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Capital punishment for heinous crime v/s Human Rights

Human right or right to life is a phrase which describes the belief that a human being has essential right to live, particularly a human being has a right not to be killed by another human being on the earth. The concept of a right to life is central to debate on the matters of capital punishment.

Human Rights v. Capital Punishment:

The debate about the death penalty does not employ the terminology of human rights. However the use of death penalty intersects with international law and is also challenged by it. Hence, international law and analysis based on human rights are beneficial means to address the death penalty issue. The reasons why countries have abolished death penalty varies in increasing numbers. For some nations, it was a broader understanding of human rights.

Spain abandoned the last vestiges of the death penalty in 1995 stating that:
the death penalty has no place in the general penal system of an advanced and civilized society. Similarly, Switzerland abolished death penalty because it constituted a flagrant violation of the right to the life of dignity

Human Right & International Laws:

Defining the death penalty as a human right issue is a critical step, but some countries which resist aggressively uses death penalty. When United Nation General Assembly considered a resolution in 1994 to restrict death penalties and encourage moratorium on executions, Singapore asserted that capital punishment is not a human right issue. In the end, 74 countries abstained on voting from the resolution and it failed.

However, for many countries death penalty is a critical human right issue. In 1997, the U.N High Commission for Human Rights approved a resolution stating that the abolition of death penalty contributes to the enhancement of human dignity and to the progressive development of human rights. This, resolution was strengthen in subsequent resolutions for the restriction of offences for which the death penalty can be imposed and for moratorium on all executions, leading eventually to abolition. Whereas countries like North Korea, Nigeria believes in Capital punishments.

The Law Commission in its 35th report, said that the risk involved in abolition of capital punishment could not be undertaken in the present state of the country. No single arrangement for abolition or retention can decide the issue.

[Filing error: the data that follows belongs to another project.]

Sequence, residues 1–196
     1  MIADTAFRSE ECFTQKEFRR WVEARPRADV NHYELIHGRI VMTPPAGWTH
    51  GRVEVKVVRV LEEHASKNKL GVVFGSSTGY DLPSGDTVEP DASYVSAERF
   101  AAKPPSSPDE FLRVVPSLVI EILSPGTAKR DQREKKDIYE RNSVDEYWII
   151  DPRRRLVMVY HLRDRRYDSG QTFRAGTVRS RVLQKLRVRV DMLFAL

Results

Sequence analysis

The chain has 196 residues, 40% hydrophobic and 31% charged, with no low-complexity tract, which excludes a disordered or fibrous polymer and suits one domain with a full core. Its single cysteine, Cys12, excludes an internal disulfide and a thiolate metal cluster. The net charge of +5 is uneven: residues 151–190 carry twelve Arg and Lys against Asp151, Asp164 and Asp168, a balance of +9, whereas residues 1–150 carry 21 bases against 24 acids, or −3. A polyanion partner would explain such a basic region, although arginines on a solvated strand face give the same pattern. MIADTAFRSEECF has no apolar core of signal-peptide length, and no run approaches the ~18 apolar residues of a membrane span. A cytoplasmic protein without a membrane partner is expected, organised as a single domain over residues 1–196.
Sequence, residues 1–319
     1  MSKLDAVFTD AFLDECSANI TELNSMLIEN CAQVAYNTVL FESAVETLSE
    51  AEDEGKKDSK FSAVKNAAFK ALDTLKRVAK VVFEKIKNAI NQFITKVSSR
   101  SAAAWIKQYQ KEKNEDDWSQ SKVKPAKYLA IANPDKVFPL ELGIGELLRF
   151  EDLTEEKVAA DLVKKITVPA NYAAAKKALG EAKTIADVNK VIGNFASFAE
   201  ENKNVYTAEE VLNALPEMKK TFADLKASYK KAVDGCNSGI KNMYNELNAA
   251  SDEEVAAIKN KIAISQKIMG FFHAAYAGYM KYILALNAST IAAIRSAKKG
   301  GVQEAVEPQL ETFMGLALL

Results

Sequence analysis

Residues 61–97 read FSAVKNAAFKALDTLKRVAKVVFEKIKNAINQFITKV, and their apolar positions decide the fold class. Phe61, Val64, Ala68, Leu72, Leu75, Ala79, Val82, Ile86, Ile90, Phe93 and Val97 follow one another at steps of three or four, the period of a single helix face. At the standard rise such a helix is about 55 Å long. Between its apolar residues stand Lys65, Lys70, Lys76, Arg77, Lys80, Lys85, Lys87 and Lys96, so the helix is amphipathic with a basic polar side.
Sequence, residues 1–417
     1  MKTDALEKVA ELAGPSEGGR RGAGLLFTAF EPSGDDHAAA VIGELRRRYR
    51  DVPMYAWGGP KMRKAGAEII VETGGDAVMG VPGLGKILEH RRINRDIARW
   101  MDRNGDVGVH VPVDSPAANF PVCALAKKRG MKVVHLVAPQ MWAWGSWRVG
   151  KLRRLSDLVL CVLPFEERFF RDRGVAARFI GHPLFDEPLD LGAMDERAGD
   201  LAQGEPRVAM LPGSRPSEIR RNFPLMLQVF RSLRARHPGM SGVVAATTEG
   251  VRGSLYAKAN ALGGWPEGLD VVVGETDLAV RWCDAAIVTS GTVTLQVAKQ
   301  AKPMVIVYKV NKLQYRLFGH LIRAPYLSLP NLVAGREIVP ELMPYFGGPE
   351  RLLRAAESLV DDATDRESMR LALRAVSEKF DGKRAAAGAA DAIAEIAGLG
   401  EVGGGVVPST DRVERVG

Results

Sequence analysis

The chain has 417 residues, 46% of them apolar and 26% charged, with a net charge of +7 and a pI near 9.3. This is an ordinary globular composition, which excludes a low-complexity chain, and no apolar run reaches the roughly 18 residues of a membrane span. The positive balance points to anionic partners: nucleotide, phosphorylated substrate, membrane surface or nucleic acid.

The report of the convention of International Congress of Criminal Law which was held in New Delhi on 8, 9 and 10th February, 1982 concluded that the general consensus was clearly in favour of retention of death penalty though its use may be restricted to rarest of rare cases. Despite strong plea for abolition by Justice V. R Krishna Iyer, the former judge of the supreme court of India.

The convention justified retention of capital punishment, though to be used sparingly. Inaugurating the Congress Mr. M Hidayatullah, the then vice president of India and former chief justice of the supreme court of India, observed that the doctrine of rarest of rare case evolved in the Indian jurisprudence for the use of death penalty is capable of discounting the possible errors and abuse of the sanction and therefore, a dispassionate approach to this problem in the context of the mounting crime was not necessary.

However, the Supreme Court had in Mithu v. State of Punjab already struck down Section 303 of the IPC, which
Stated that the provision for mandatory punishment of death for offenders serving a life sentence. The reason behind this view is that if the death sentence is mandatory, then there is no point of hearing the offender's side on the question of sentence, and it becomes supplementary to give the reasons for awarding the sentence of death.

The most practicable and representative public opinion of India was very well summed up by our first Prime Minister Pt. Jawaharlal Nehru:
At one time I was strongly opposed to the death penalty and in theory my opposition still continues. And yet with all my repugnance for executions, I feel that some method or eliminating utterly undesirable human being will have to be adopted and used with discretion.

Similarly Mrs. Indira Gandhi stated as:
I am personally in favour of abolition of capital punishment. But certain crimes were heinous in nature and deserved punishments.

Conclusion:
Abolishing Capital Punishment by paying tribute to Human right or right to Life of accused is disrespect of Victims right to Life who suffered cruelty. Hence capital punishments only shall be awarded when crime is heinous. In the Nirbhaya Case - 2010 also it was admitted that not giving punishment to culprit will be infringement of Fundamental Right of victims.

Written By Meet Ramaiya
- M.K.E.S College of Law

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